P644 Impact of Postoperative Treatment with Immunomodulators and Anti-TNFα agents on long-term Reoperation Rate in ileocaecal Crohn’s Disease.
AratariPhD, A.(1);Scribano, M.L.(2);Baccolini, V.(3);Pugliese, D.(4);De Biasio, F.(1);Verna, S.(2);Morretta, C.(4);Armuzzi, A.(4);Festa, S.(1);Papi, C.(1);
(1)San Filippo Neri Hospital, IBD UNIT- Department of Gastroenterology, Rome, Italy;(2)Azienda Ospedaliera San Camillo Forlanini, Gastroenterology and Endoscopy Unit, Rome, Italy;(3)Sapienza University of Rome, Department of Public Health and Infectious Diseases, Rome, Italy;(4)Internal Medicine and Gastroenterology Unit, Fondazione Policlinico Universitario A. Gemelli IRCCS, Rome, Italy;
Several observations suggest that immunomodulators (IMMs) and anti-TNFα agents can affect long-term clinical course of Crohn’s disease (CD). However, no convincing surgery-sparing direct effect of these medications has been demonstrated in large population-based studies. Failure to optimize these treatments, particularly a limited use in early disease course, may explain the underperformance of these strategies in the clinical practice setting. Early introduction of IMMs/anti-TNFα in CD after surgery, either as prevention of recurrence or as treatment of early endoscopic recurrence, has become a common clinical practice and may represent a surrogate model of early treatment.
The aim of the present study was to evaluate the impact of IMMs/anti-TNFα on the long-term post-operative course after ileocaecal resection in CD patients.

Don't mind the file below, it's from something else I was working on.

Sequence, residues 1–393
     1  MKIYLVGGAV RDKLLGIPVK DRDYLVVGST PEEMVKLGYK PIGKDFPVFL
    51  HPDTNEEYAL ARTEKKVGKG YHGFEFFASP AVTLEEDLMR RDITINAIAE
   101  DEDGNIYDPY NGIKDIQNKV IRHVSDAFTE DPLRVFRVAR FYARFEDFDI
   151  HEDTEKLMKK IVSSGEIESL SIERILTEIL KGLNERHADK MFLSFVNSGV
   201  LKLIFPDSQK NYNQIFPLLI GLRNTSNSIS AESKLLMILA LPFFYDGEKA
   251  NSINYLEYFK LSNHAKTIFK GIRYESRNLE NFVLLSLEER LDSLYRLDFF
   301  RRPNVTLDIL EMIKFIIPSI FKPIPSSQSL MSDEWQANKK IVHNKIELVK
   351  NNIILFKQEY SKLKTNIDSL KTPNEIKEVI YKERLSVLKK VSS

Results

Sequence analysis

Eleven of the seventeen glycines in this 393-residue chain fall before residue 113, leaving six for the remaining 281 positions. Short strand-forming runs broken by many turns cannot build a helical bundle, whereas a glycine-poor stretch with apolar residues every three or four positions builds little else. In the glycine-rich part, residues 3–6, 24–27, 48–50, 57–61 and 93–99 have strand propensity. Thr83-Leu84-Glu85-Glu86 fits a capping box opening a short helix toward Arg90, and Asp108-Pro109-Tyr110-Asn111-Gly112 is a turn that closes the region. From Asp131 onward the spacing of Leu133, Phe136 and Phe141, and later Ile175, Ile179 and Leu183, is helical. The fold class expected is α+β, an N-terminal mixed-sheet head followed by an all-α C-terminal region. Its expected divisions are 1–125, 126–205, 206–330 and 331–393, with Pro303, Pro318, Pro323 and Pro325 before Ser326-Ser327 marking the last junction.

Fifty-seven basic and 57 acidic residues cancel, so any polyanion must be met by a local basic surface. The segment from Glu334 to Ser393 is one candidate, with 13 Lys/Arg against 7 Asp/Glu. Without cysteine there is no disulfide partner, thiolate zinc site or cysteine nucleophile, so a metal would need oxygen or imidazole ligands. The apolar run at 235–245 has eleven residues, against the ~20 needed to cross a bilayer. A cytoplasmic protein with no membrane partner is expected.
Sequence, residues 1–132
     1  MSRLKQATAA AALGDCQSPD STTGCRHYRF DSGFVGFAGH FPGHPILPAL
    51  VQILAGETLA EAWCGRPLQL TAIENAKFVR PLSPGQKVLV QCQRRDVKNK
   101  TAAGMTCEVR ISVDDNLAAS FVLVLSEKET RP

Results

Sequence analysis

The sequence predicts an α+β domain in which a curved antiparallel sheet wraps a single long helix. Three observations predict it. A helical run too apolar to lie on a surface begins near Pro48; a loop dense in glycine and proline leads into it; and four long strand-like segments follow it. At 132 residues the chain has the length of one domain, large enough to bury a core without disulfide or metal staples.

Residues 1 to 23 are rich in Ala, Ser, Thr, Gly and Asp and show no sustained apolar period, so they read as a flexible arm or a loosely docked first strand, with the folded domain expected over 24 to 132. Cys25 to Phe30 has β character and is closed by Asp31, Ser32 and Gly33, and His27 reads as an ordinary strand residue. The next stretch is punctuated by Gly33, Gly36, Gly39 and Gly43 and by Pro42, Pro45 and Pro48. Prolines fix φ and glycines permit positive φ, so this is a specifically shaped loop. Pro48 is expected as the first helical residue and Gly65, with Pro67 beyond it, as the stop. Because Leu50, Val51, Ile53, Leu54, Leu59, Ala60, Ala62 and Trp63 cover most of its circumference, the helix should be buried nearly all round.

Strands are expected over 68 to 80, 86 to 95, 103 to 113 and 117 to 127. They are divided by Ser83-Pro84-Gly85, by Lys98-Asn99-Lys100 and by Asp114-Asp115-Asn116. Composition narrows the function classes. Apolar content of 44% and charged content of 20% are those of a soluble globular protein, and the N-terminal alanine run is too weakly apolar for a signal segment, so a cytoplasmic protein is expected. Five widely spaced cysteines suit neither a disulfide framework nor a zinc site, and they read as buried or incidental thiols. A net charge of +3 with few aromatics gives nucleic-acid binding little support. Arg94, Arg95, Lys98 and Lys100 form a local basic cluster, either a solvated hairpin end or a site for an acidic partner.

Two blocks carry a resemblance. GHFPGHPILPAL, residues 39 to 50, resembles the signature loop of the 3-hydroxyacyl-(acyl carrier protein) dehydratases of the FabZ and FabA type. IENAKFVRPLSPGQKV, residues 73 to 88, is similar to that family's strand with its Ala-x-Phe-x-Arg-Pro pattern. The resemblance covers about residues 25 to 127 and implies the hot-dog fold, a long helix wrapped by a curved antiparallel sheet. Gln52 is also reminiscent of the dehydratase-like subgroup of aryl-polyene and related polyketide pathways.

All adult CD patients who underwent their first ileocaecal resection at three major referral Centers in Rome were retrospectively reviewed.
Demographic and clinical characteristics were recorded: gender, age at the time of surgery, CD behaviour (penetrating or non-penetrating), previous treatment with IMMs/anti-TNFα, and time to prescription of IMMs/anti-TNFα after surgery.
The primary endpoint was the need for second resection.
Statistical analysis. The Kaplan–Meier survival method was used to estimate the cumulative probability of first prescription of IMMs/anti-TNFα after surgery and to estimate the post-operative course free from reoperation. Cox proportional hazards regression model was used to assess the association of clinical variables with time to reoperation.
surgery: cohort 1 (1980-1998; n.198); cohort 2 (1999-2009; n.218); cohort 3 (2010-2020; n.241). The mean follow-up after surgery was 83+41 months. The cumulative probability of receiving IMMs/anti-TNFα after surgery was significantly different between the three cohorts but the probability of a postoperative course free from reoperation was not (figure). In the multivariate analysis, treatment with IMMs/anti-TNFα prior to the first resection (HR 9.15; 95%CI 2.77-30.21) and post-operative therapy with IMMs/anti-TNFα (HR: 0.24; 95%CI 0.07-0.74) were associated to the risk of reoperation. However, these associations had a time-varying effect and become not significant after 5 and 2 years after surgery respectively. Overall, 283 patients received IMMs/anti-TNFα at any time after surgery. Comparing early treatment (within 1, 2 or 3 years after surgery) with late treatment, no difference was observed in the cumulative risk of reoperation within 10 years
The increasing use of IMMs/anti-TNFα agents in the post-operative setting may have little impact on the long-term reoperation rate.